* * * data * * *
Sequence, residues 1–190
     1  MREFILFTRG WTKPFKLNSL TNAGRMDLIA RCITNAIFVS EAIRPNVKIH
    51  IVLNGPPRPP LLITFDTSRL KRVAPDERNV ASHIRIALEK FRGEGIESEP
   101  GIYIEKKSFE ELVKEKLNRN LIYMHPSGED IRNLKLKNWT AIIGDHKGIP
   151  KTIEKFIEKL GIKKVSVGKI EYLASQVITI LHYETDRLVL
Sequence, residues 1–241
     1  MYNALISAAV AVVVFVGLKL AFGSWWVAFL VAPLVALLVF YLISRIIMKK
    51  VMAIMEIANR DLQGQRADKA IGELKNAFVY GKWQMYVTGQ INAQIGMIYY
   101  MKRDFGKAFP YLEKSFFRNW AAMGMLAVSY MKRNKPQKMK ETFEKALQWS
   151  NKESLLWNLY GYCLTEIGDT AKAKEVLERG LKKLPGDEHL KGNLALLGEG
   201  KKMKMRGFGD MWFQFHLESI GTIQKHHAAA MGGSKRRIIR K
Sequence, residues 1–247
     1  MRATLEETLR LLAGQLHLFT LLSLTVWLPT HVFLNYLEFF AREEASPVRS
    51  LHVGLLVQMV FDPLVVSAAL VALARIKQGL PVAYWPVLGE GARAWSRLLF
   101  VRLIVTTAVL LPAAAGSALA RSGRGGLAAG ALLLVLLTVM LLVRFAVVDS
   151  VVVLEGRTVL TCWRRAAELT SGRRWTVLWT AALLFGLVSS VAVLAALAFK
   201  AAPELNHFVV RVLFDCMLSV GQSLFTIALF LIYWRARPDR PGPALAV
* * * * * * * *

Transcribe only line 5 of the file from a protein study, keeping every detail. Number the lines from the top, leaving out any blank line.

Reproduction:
   151  KTIEKFIEKL GIKKVSVGKI EYLASQVITI LHYETDRLVL